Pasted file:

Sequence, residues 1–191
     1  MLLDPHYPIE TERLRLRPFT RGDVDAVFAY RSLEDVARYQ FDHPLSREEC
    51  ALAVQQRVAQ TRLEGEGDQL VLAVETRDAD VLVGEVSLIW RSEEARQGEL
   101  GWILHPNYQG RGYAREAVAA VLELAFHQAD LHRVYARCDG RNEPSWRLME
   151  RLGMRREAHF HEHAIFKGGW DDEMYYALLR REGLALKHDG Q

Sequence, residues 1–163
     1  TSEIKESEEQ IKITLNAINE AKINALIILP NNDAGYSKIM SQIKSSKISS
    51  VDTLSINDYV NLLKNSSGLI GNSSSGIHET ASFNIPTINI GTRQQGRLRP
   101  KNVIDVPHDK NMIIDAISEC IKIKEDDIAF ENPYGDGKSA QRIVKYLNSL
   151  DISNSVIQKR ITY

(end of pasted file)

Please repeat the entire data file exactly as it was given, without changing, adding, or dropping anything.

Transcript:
Sequence, residues 1–191
     1  MLLDPHYPIE TERLRLRPFT RGDVDAVFAY RSLEDVARYQ FDHPLSREEC
    51  ALAVQQRVAQ TRLEGEGDQL VLAVETRDAD VLVGEVSLIW RSEEARQGEL
   101  GWILHPNYQG RGYAREAVAA VLELAFHQAD LHRVYARCDG RNEPSWRLME
   151  RLGMRREAHF HEHAIFKGGW DDEMYYALLR REGLALKHDG Q

Sequence, residues 1–163
     1  TSEIKESEEQ IKITLNAINE AKINALIILP NNDAGYSKIM SQIKSSKISS
    51  VDTLSINDYV NLLKNSSGLI GNSSSGIHET ASFNIPTINI GTRQQGRLRP
   101  KNVIDVPHDK NMIIDAISEC IKIKEDDIAF ENPYGDGKSA QRIVKYLNSL
   151  DISNSVIQKR ITY